A huge statement from the World Health Organization, last week, seems to have got lost in the din. The WHO called an end to Covid-19 as a global health emergency — a historic moment in time, that we could do well to step back and reflect on.

A pandemic not seen by the world in 100 years — naturally, health and other systems were caught woefully unprepared. It was a time when cities worldwide went eerily silent with lockdowns. In fact, the last three years have been tumultuous for many, and its effect lingers on.

Families lost a member at the table, some unable to even give them a proper final send-off. Others lost their livelihood. The kirana store cannot afford a delivery person anymore, the neighbourhood cafe has shut down, and sellers of odd-ball items on the streets have not come back.

While healthcare institutions and their staff across the world were overwhelmed, closer home, we witnessed the desperate scramble of families for oxygen and medicines. And the unforgettable images of bodies floating in the river.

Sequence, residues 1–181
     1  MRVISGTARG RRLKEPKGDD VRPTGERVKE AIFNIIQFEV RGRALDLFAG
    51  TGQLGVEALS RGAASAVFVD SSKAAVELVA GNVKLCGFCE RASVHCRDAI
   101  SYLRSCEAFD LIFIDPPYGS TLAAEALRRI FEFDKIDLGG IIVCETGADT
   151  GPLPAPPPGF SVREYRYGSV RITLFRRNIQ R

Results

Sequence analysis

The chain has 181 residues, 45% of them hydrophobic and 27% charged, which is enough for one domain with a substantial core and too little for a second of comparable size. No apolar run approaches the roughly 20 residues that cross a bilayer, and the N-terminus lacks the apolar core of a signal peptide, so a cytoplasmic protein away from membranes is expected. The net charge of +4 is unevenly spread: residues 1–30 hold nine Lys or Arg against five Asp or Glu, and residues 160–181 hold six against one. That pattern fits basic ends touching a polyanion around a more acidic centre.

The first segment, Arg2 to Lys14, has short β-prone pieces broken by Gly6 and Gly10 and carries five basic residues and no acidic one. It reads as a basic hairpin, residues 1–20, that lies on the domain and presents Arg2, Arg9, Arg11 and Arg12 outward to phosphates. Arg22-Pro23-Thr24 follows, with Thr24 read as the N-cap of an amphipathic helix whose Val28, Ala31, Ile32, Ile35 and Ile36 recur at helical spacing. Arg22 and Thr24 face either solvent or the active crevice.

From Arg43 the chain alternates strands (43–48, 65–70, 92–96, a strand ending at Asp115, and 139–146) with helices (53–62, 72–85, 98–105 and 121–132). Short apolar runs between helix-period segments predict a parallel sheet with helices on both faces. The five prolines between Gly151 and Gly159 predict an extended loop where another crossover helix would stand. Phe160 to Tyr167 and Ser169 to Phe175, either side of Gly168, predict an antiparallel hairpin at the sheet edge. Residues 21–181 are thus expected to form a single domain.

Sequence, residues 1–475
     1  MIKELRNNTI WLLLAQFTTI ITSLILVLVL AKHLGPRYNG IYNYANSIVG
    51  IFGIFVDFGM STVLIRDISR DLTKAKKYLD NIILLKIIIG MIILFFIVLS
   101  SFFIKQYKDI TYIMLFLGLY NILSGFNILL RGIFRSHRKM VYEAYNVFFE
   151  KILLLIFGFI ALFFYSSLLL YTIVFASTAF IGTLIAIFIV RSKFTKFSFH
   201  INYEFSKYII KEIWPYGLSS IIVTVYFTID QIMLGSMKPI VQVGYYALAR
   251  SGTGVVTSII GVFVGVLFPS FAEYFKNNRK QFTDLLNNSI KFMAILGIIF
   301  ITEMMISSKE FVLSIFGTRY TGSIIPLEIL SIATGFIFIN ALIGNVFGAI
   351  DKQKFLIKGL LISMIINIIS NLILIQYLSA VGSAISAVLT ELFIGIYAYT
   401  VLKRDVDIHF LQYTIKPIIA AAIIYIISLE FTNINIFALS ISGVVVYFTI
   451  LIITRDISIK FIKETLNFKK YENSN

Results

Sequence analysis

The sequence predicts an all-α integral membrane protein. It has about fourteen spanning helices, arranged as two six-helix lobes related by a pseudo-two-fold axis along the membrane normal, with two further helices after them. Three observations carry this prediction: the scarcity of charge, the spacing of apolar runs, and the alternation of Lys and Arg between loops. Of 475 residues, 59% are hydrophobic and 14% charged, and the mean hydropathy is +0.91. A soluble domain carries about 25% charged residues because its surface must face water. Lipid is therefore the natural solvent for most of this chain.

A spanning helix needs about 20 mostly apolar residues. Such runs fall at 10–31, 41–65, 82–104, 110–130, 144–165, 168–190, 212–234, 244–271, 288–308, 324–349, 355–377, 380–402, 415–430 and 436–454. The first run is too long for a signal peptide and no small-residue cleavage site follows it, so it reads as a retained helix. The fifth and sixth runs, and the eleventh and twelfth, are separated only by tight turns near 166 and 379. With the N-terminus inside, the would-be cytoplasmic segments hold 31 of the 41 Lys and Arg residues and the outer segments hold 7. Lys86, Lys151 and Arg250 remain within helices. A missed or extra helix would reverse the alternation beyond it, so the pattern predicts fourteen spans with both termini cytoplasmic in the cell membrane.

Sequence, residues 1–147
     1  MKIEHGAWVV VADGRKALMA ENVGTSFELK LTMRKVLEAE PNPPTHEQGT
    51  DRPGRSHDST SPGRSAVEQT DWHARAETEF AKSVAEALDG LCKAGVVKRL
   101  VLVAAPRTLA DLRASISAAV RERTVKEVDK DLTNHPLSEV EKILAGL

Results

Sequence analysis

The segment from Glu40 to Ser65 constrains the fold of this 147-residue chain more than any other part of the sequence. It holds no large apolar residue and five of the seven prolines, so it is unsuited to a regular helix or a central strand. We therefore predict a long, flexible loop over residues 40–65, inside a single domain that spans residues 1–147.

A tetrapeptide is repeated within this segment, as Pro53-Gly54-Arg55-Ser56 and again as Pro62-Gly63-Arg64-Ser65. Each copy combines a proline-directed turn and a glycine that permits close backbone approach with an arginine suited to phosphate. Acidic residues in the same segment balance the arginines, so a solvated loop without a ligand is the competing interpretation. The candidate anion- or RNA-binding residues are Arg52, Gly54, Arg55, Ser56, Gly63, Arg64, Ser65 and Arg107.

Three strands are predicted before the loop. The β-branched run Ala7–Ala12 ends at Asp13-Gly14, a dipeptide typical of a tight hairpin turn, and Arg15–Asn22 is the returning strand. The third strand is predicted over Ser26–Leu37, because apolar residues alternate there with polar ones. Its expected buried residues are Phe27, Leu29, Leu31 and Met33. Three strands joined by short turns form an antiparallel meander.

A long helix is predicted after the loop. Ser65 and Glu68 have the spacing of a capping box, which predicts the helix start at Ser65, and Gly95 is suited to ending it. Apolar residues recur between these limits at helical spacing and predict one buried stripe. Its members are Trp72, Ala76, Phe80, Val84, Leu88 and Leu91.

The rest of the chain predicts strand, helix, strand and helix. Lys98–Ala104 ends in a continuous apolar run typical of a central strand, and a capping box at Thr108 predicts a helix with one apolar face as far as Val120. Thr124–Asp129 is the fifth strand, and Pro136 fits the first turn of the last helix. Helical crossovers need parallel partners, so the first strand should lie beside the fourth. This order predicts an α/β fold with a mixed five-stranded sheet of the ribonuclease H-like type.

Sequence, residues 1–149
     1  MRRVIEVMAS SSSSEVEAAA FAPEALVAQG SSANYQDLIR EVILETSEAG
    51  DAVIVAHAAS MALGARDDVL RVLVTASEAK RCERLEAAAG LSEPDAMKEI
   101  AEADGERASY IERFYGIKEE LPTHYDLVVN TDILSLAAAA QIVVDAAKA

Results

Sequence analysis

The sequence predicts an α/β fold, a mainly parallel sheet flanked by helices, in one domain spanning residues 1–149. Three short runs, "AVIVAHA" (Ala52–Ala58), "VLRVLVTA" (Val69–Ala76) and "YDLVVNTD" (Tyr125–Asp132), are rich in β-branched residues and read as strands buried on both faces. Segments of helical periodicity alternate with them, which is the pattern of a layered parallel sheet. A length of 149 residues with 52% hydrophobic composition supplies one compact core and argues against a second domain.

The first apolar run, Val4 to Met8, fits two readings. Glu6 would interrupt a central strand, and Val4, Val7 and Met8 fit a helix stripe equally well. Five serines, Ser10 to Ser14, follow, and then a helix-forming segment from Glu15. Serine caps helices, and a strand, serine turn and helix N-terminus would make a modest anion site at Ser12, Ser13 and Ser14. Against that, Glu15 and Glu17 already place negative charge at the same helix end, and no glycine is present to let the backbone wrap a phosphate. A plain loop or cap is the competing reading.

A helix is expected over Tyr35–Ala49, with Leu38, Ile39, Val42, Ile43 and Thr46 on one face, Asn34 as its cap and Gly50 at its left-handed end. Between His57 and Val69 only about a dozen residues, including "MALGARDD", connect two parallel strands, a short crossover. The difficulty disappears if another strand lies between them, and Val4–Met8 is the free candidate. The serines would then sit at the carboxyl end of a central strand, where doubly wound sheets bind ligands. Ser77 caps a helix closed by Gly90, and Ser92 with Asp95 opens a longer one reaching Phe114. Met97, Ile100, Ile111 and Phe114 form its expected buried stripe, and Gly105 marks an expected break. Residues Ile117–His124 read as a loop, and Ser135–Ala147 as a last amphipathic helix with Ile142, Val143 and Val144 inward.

The world has come a long way since WHO first learned of a cluster of cases of pneumonia of unknown cause in Wuhan (China), over 1,200-days ago.

Today there are multiple vaccines, rustled up in the shortest possible time, delivered across huge swathes of people through cross-country collaborations. But the world also witnessed some very disturbing jostling by deep-pocketed nations to get ahead in the line for vaccines and medicines.

In three years, Covid-19 has turned our world upside down, says the WHO chief. The death toll at almost 7 million would well be several times higher — at least 20 million, he cautions. The scientific community still seeks the source of the virus. And this one and others like it, remain in our midst. Of that irrevocable fact, the world needs to be mindful. It needs to build back more meaningfully, and for more people.